Formally, a mathematical proof consists of a sequence of mathematical statements and deductions (e.g. “If A, then B“), strung together in a logical fashion to create a conclusion. A simple example of this is a linear chain of deductions, such as “A \implies B \implies C \implies D \implies E“, to create the conclusion “A \implies E“. In practice, though, proofs tend to be more complicated than a linear chain, often acquiring a tree-like structure (or more generally, the structure of a directed acyclic graph), due to the need to branch into cases, or to reuse a hypothesis multiple times. Proof methods such as proof by contradiction, or proof by induction, can lead to even more intricate loops and reversals in a mathematical argument.

Unfortunately, not all proposed proofs of a statement in mathematics are actually correct, and so some effort needs to be put into verification of such a proposed proof. Broadly speaking, there are two ways that one can show that a proof can fail. Firstly, one can find a “local”, “low-level” or “direct” objection to the proof, by showing that one of the steps (or perhaps a cluster of steps, see below) in the proof is invalid. For instance, if the implication C \implies D is false, then the above proposed proof “A \implies B \implies C \implies D \implies E” of “A \implies E” is invalid (though it is of course still conceivable that A \implies E could be proven by some other route).

Sometimes, a low-level error cannot be localised to a single step, but rather to a cluster of steps. For instance, if one has a circular argument, in which a statement A is claimed using B as justification, and B is then claimed using A as justification, then it is possible for both implications A \implies B and B \implies A to be true, while the deduction that A and B are then both true remains invalid. (Note though that there are important and valid examples of near-circular arguments, such as proofs by induction, but this is not the topic of this current discussion.)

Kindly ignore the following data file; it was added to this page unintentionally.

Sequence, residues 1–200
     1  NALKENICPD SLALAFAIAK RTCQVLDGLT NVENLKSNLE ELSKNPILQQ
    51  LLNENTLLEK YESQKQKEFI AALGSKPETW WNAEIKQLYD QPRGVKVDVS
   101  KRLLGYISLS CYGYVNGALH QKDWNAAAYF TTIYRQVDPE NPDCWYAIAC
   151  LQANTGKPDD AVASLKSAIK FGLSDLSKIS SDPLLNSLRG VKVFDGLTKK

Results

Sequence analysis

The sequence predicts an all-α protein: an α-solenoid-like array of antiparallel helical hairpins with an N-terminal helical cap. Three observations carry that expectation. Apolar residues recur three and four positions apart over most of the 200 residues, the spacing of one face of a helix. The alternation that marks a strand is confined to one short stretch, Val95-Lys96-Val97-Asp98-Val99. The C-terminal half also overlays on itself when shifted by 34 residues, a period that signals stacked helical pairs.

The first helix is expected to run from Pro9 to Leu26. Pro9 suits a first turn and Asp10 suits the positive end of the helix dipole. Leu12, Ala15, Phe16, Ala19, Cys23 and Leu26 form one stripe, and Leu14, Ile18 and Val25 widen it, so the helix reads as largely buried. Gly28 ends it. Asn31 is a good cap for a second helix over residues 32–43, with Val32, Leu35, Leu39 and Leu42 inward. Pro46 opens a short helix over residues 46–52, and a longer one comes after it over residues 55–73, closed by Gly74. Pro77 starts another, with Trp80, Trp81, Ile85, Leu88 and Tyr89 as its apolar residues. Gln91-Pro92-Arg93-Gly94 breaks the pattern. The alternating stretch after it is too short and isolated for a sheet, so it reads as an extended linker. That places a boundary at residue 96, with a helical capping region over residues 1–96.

Another example of a low-level error that is not localisable to a single step arises from ambiguity. Suppose that one is claiming that A \implies B and B \implies C, and thus that A \implies C. If all terms are unambiguously well-defined, this is a valid deduction. But suppose that the expression B is ambiguous, and actually has at least two distinct interpretations, say B_1 and B_2. Suppose further that the A \implies B implication presumes the former interpretation B=B_1, while the B \implies C implication presumes the latter interpretation B=B_2, thus we actually have A \implies B_1 and B_2 \implies C. In such a case we can no longer validly deduce that A \implies C (unless of course we can show in addition that B_1 \implies B_2). In such a case, one cannot localise the error to either “A \implies B” or “B \implies C” until B is defined more unambiguously. This simple example illustrates the importance of getting key terms defined precisely in a mathematical argument.